Blogger: Rachelle Gardner
One thing I’ve learned from years of working in publishing is that this business can severely test your patience. Let’s look at some reasons people are often impatient; what’s harmful about being impatient; and what you might do to develop more patience.
What are some reasons you might you be impatient?
• You want something very badly and find it difficult to wait for it to happen.
• You have high standards that can translate into unrealistic expectations.
• You are highly intelligent or an above average writer (corroborated by outside sources) leading you to believe you shouldn’t have to wait for others to recognize your superiority.
• You’re not good at delayed gratification.
• You have a certain amount of arrogance.
• You don’t take the time to understand other people’s processes, i.e. why some things take longer than you like.
But why is impatience a problem? Can’t it help me be more successful?
• Impatience makes you a poor listener. Most people who are impatient are not good at receiving feedback. Therefore, your opportunities for learning, growing and becoming a better writer, or better at anything, are reduced.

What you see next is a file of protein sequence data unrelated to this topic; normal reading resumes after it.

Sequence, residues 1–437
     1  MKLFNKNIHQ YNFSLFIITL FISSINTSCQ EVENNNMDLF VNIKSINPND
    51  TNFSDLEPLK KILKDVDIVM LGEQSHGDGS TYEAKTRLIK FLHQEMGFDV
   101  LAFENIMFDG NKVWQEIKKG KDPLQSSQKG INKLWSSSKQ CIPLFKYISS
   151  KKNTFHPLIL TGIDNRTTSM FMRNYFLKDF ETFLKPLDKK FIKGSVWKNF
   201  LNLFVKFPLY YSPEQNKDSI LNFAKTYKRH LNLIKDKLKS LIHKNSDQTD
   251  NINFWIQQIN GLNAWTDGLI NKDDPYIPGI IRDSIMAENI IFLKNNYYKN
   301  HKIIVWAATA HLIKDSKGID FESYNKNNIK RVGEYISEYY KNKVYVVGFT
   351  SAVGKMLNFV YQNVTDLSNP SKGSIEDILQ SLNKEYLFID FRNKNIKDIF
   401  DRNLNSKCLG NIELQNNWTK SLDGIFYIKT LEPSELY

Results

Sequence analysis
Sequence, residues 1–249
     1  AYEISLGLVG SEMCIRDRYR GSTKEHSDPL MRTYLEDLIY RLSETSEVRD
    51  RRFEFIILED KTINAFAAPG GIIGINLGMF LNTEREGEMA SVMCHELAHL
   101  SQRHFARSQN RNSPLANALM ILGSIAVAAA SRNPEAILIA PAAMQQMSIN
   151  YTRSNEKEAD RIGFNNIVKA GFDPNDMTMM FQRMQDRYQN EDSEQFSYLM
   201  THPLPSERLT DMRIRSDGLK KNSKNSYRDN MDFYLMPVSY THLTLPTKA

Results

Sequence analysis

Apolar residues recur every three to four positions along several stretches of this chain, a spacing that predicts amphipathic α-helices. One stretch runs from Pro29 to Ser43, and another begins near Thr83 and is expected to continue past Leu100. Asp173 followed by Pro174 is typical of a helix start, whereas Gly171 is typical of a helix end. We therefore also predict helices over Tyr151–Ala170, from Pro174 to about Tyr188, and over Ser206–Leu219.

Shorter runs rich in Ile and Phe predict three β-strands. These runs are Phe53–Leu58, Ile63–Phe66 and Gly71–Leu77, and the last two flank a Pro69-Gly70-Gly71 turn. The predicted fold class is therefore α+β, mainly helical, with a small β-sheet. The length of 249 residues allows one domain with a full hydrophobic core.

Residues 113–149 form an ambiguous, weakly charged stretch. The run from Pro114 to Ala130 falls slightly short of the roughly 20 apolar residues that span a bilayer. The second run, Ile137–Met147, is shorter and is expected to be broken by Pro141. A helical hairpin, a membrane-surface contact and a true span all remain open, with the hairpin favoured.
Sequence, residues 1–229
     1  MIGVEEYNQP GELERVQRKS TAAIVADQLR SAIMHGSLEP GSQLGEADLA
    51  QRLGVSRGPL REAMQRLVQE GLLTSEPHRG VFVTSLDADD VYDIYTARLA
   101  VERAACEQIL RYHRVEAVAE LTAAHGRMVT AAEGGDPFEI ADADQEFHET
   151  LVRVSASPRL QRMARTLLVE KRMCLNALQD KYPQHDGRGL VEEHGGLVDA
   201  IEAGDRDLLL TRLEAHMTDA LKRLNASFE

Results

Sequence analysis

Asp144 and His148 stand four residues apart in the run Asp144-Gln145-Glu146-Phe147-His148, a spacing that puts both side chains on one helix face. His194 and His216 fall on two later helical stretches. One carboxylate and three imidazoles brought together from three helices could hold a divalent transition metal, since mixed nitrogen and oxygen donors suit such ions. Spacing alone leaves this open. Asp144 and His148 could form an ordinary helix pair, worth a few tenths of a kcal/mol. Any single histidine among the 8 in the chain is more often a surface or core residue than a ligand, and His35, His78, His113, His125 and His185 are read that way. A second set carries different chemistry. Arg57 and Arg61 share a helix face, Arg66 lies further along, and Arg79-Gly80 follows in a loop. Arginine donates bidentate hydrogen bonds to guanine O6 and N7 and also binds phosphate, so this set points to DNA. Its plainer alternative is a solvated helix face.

• Impatience keeps you from taking in as much information as you could, even when it’s readily available. You may tend to skip over information that could help you, in your haste to get to “results.”
• Impatience born of arrogance makes you devalue others’ opinions, lessening your ability to learn from them.
• Impatience can make you annoy others by your constant checking in. Are we there yet? Is it done yet?
What are some strategies for reducing impatience?
1. Be ruthlessly honest with yourself about your expectations and how realistic they are.
2. Recognize that impatience can alienate you from others, and usually has a negative impact on relationships and career.
3. Ask some trusted friends to let you know when you’re behaving in a way that signals impatience; pay attention to what triggered it and work toward acceptance of those situations.
4. Keep busy with other things you can focus on when you’re waiting for something to happen, to reduce ruminating that leads to impatience.
5. Think about the differences between waiting, eagerly anticipating, and being impatient. Can you reframe your impatience?
6. Cultivate mindfulness and living in the present. Savor today, even while anticipating something you want to happen tomorrow.
7. Give yourself the time you need to develop new skills, rather than jumping ahead in search of a quick result.
Do you struggle with impatience? How do you deal with it?